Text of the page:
Political vacuum is being filled by dissidents, Chief Constable warns in plea to parties
Northern Ireland's political deadlock is hindering societal efforts to tackle the threat posed by dissident republicans, the Chief Constable has warned.
Simon Byrne expressed concern about a lack of political direction to improve conditions in deprived areas where dissidents are recruiting vulnerable young people.
Mr Byrne said educational underachievement and limited employment opportunities were shown to be contributory factors in fuelling extremism.
His warning came as he pinned the blame for this week's murder bid against police and Army in Co Fermanagh on the Continuity IRA.
Police officers and Army bomb disposal experts escaped injury when a device detonated as they attended a security alert at Wattle Bridge near the border on Monday morning.
In the wake of the explosion PSNI Deputy Chief Constable Stephen Martin pointed to the power-sharing crisis at Stormont as he stressed the need for societal improvements in the region.
Mr Byrne echoed those remarks yesterday as he visited a PSNI call centre in east Belfast.
He said: "We need the Executive back in place so that policy can be implemented to improve the opportunity and living conditions of particularly young people who may become disaffected and be recruited in a vulnerable state by dissident republicans." Stormont has been without a devolved Government since January 2017.
Mr Byrne said: "I have nowhere to go, frankly, in terms of where do I get support to deal with some of the more medium-term policing issues, how do I draw commitment support from health, from some of the district councils, for example?
"Because there is a whole wealth of evidence that actually turning around deprived and isolated communities to make their life opportunities better, their prosperity improved, the whole environment more vibrant, is actually not a policing issue. We can sometimes be a catalyst, we can create the space for other agencies and organisations to do their job, but we need that support unequivocally."
Mr Byrne backed the stance taken by his deputy.
"At the end of the day Steve has the benefit of being here man and boy, years of experience of differing policing contexts right across the country," he said. "I am fresh eyes, two months into the job, but where we join up is that same conclusion that the political vacuum is not helping us.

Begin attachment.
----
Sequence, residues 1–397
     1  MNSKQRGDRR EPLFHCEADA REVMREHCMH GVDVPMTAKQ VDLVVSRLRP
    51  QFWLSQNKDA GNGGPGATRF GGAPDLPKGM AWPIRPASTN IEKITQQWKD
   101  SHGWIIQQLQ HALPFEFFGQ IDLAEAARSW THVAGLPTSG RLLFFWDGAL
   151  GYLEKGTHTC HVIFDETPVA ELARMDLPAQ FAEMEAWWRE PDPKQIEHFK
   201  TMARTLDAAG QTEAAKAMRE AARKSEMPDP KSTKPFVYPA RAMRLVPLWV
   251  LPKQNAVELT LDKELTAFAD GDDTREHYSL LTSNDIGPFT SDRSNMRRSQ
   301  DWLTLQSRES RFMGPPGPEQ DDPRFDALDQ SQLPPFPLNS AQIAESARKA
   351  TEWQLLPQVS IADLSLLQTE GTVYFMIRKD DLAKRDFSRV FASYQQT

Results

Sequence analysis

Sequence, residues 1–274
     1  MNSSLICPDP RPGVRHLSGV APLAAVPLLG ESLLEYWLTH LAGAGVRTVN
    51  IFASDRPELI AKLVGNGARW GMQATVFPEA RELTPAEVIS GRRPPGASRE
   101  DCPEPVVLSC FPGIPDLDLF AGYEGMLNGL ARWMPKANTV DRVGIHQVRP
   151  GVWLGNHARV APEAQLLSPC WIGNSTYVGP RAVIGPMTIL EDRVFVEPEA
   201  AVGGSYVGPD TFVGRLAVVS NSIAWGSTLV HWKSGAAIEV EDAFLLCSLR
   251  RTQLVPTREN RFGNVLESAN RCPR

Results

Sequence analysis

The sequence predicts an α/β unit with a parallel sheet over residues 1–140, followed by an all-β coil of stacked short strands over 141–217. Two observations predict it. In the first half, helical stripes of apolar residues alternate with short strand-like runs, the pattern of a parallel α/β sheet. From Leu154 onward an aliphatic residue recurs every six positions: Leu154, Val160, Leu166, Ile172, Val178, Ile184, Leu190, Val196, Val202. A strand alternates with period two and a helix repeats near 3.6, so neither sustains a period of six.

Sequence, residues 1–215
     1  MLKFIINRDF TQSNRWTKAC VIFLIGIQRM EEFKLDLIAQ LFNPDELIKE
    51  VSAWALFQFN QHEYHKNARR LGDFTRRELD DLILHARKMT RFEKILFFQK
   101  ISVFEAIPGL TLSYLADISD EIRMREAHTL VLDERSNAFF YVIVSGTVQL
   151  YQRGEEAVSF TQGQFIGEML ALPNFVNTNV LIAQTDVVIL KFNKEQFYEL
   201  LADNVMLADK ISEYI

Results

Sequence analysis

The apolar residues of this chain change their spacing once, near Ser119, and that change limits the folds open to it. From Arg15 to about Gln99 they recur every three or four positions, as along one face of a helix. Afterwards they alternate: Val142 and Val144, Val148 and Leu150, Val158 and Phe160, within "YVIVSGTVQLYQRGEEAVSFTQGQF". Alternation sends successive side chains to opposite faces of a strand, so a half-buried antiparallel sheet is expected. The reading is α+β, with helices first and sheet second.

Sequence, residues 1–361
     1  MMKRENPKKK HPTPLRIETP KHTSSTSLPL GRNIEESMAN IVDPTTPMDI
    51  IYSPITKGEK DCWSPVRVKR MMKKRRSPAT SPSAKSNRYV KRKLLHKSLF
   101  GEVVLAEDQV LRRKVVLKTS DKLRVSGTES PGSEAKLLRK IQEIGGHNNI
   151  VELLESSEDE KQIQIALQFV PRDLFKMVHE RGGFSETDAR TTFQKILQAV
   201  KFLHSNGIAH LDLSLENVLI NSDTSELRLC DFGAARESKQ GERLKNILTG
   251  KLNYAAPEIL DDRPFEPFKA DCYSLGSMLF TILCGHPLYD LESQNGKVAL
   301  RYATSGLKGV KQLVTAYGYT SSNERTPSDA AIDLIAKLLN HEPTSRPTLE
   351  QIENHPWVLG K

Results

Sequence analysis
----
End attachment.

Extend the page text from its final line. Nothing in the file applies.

"We are not here to be political, my job is to lead the operational response of the PSNI, but at the end of the day we need political support to do our job as well as we can."
Mr Byrne said the re-emergence of the Continuity IRA after a period of relative inactivity was a "worry". Mr Byrne said he would describe the recent spate of murder bids by dissidents as a "spike".
The senior officer said it was too simplistic to blame the increase in activity on Brexit.
"There's no clear evidence yet that Brexit is motivating people to increase their confidence to change the tempo of attacks against the police," he said.
Mr Byrne said a no-deal Brexit could see the PSNI calling in support from other forces in the UK to help manage the border.
He revealed that a mutual aid request is one option in the force's Brexit scenario planning as he warned that policing 300 border crossings is "just not practical".
Mr Byrne stressed he had not "pressed that button yet" in requesting outside support, and said the PSNI's primary aim would be to police the fallout from a no-deal exit, with its own officers working in co-operation with the Garda south of the border.
He outlined details of the PSNI's Brexit preparations as he urged the Government to bolster his resources by recruiting a wave of new officers.
The PSNI has around 6,750 officers.
The Government has committed to funding an extra 300 to deal with Brexit, but Mr Byrne wants more than double that number, to bring the total to 7,500 - an operating level envisaged for the PSNI when it replaced the RUC in 2001.
He was speaking on the same day that Garda Commissioner Drew Harris announced major reforms to the Republic's police force, which will see around 1,800 extra gardai deployed to front line services over the next two years. Around 800 additional officers and staff would be recruited, while some 1,000 current gardai would be redeployed by 2021.
Mr Byrne questioned why Boris Johnson's commitment to recruit 20,000 extra officers in England and Wales had not been extended to Northern Ireland.
"If we go back to the past we talked about a number of 7,500 officers being what Patten (Lord Patten, who oversaw policing reforms) saw as the number of officers that I need to police the streets of Northern Ireland and that's my plea to politicians," he said.
"At the end of the day the Prime Minister made a commitment in England and Wales to increase the headcount of police officers by 20,000 - when will we see our share here?
"Brexit feeds into this. We have had a support, which we are grateful for, to increase nearly 300 more officers to deal with some of the most immediate problems with Brexit but, at the end of the day, we can only speculate how this is going to play out.
"In the medium term, if I am going to provide a policing service which the public in Northern Ireland have quite clearly said needs to be about more visibility and more people on the ground, I frankly need more officers to do that and my plea is to have our share of what is happening in England and Wales."